FRANKFURT (Reuters) - Major Russian banks active in the euro zone could face caps or even exclusion from borrowing from the European Central Bank as it examines how European sanctions against Moscow affect its operations.
Euro zone banks use the ECB to manage their day-to-day liquidity flows and relied on the central bank almost exclusively when interbank markets dried up at the height of the global financial crisis as trust among banks evaporated.
Being able to tap central bank refinancing operations is crucial for banks, especially when others may not be willing to lend to them. The ECB’s decision will therefore be decisive for the sanctioned Russian banks’ European business operations.
“The intention is clear: the EU subsidiaries in their legitimate business should not be negatively impacted. That is the thrust of the regulation and I am not hearing many people say otherwise actually. We’ll see if the ECB goes beyond that,” said a source familiar with the discussions.
Among the banks in question are the Austrian arms of Russia’s two largest banks, Sberbank and VTB Bank, which the ECB thought so significant it decided to supervise them directly when it takes on banking oversight in the euro zone in November.
Sberbank is run by German Gref, an ally of Russian President Vladimir Putin, and VTB is majority-owned by Russia. Sberbank’s Austrian unit declined to comment when contacted by Reuters for this story.
VTB Bank referred to a statement in which it said neither its Austrian unit nor its subsidiaries in Germany and France were targeted by the sanctions. It added that their operations were unaffected.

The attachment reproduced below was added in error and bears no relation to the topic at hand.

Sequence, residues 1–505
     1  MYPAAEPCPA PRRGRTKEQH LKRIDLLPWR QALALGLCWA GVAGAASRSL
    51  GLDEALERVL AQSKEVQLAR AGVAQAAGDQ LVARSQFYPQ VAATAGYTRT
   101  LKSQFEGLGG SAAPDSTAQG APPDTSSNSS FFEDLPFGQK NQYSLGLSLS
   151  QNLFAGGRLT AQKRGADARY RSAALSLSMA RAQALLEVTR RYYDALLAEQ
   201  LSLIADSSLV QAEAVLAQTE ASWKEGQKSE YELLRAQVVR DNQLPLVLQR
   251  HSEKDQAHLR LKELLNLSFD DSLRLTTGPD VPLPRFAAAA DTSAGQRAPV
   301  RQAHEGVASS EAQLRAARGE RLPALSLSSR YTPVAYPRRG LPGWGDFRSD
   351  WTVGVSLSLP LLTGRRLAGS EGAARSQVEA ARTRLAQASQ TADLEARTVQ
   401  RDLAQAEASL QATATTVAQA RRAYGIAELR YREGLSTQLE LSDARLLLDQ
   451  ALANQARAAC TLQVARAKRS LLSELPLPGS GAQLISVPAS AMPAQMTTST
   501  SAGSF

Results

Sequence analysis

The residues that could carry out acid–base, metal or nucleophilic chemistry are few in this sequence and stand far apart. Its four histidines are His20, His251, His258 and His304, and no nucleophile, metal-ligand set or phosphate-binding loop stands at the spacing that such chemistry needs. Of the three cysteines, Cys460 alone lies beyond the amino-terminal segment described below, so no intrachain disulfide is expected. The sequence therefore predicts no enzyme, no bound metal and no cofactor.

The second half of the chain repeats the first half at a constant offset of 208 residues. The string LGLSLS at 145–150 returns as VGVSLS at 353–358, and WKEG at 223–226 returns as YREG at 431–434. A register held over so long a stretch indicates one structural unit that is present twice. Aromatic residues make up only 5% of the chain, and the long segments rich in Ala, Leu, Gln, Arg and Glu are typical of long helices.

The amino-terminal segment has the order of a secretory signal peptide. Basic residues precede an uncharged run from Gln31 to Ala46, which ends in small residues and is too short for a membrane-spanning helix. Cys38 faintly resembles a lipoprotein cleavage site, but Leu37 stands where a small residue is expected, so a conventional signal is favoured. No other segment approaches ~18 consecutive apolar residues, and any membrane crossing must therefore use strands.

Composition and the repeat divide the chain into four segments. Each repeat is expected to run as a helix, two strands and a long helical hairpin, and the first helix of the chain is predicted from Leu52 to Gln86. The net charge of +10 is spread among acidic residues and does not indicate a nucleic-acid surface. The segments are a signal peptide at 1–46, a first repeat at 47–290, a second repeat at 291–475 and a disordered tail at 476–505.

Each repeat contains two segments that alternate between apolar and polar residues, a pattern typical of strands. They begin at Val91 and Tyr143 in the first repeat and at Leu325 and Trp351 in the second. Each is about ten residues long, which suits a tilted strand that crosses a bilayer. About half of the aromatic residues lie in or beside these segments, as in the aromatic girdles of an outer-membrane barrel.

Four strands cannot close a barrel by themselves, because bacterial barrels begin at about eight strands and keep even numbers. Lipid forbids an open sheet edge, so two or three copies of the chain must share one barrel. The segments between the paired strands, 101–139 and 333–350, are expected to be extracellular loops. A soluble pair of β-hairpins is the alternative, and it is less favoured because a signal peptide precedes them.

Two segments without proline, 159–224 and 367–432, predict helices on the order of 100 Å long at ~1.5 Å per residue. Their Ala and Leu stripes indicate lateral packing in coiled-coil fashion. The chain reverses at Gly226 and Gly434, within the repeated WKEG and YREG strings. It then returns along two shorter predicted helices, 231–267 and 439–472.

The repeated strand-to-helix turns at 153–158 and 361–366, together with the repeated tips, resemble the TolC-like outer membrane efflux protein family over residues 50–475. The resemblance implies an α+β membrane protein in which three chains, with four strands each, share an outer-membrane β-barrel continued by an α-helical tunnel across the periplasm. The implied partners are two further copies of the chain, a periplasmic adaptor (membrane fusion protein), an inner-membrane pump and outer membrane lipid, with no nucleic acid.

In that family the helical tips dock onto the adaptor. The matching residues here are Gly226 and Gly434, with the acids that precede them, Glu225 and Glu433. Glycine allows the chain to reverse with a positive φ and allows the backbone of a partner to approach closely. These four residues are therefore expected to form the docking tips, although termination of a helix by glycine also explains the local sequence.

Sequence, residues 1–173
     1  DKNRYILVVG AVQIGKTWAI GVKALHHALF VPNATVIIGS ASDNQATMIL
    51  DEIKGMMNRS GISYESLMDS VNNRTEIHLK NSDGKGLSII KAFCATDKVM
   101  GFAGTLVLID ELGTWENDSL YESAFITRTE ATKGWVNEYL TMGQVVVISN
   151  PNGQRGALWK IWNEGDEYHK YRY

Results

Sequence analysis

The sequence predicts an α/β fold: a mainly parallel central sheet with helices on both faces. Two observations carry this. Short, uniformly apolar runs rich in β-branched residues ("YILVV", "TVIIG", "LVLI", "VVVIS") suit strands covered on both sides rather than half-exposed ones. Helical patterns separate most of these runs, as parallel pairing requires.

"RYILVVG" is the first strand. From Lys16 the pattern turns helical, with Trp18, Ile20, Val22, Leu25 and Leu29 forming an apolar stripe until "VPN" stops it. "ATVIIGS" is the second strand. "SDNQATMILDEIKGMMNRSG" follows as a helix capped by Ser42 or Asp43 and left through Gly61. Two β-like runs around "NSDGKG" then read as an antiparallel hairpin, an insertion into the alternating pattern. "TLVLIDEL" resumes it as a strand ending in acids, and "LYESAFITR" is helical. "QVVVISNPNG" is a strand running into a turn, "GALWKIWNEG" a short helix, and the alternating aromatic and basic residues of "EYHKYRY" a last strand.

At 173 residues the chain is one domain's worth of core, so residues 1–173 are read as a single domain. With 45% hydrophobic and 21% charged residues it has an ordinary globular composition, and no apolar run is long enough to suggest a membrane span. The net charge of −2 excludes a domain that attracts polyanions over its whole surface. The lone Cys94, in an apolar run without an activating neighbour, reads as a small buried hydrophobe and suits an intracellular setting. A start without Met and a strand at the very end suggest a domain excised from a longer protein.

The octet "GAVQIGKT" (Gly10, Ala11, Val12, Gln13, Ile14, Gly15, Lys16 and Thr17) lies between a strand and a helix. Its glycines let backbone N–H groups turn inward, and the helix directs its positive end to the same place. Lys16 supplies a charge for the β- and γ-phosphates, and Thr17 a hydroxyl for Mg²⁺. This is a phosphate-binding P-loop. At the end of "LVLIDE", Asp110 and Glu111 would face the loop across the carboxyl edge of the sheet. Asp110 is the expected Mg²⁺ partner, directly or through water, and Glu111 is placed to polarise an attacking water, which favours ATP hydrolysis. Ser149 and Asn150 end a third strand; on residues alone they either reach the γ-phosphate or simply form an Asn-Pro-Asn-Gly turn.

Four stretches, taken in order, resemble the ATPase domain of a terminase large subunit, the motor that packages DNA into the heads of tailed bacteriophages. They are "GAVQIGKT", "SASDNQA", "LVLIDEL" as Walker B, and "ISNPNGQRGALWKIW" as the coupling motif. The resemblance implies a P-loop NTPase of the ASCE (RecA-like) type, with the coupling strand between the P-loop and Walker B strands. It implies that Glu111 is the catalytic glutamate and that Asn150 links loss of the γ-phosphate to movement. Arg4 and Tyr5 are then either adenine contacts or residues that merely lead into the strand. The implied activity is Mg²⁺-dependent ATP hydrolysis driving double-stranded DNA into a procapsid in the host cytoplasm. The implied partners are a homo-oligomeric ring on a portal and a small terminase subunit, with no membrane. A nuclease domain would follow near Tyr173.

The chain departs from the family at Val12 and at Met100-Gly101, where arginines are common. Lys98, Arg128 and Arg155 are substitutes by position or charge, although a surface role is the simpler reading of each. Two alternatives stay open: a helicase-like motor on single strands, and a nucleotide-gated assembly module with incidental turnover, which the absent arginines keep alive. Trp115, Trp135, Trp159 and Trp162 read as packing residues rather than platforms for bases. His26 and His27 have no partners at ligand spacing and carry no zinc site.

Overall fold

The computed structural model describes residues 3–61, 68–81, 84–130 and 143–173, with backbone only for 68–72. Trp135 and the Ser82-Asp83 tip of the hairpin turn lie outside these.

The ECB could decide to freeze transactions between the euro zone subsidiaries of the affected Russian banks and the euro system, introduce caps on how much funding they can take, or leave things as they are and monitor capital flows to ensure funds are not being passed on to the Russian parent companies.
“The ECB will take all necessary steps to prevent circumvention of the EU restrictive measures, in the context of its monetary policy operations,” an ECB spokesperson said.
Russia is Austria’s ninth-biggest trading partner. Positioned on the edge of the Iron Curtain that divided Europe until 1989, Austria was a gateway to the eastern bloc and became a base for doing business with the former Communist countries.
Even if mainly a legal issue for the ECB, the development shows how difficult it has become for the central bank to keep out of politics given the depth and complexity of financial interconnections and at a time when it is taking on more responsibility to bring Europe back to growth.
The policy-making Governing Council is set to discuss the issue informally on Wednesday and then formally at its policy meeting on Thursday. Whether it will take a decision then is not clear yet, several people with knowledge of the debate said.
At the heart of the problem is the legal text of the sanctions the European Union released last week against Russia for its role in Ukraine’s political crisis.
The sanctions say among other things that EU nationals and companies can no longer buy or sell new bonds, equity or other financial instruments with a maturity of more than 90 days issued by major state-owned Russian banks or those acting on their behalf.
The ECB has to comply with the new legislation agreed by European countries, but the legal text does not clearly define which transactions are restricted. ECB experts are working on the matter.
The ECB held a conference call on Friday. So far, euro zone subsidiaries and branches of the Russian banks in question have remained eligible counterparties in the euro system, but the ECB is keeping an eye on their capital flows.
“What we also don’t want is for these banks to become increasingly dependent on the ECB,” the source said. “We do see that in the markets some counterparties are cutting down their exposure limits, also to the subsidiaries.
“As far as we can tell, so far they haven’t had any actual constraints on their business - but who knows how this will all pan out?”
Additional reporting by Michael Shields in Vienna; Editing by Ruth Pitchford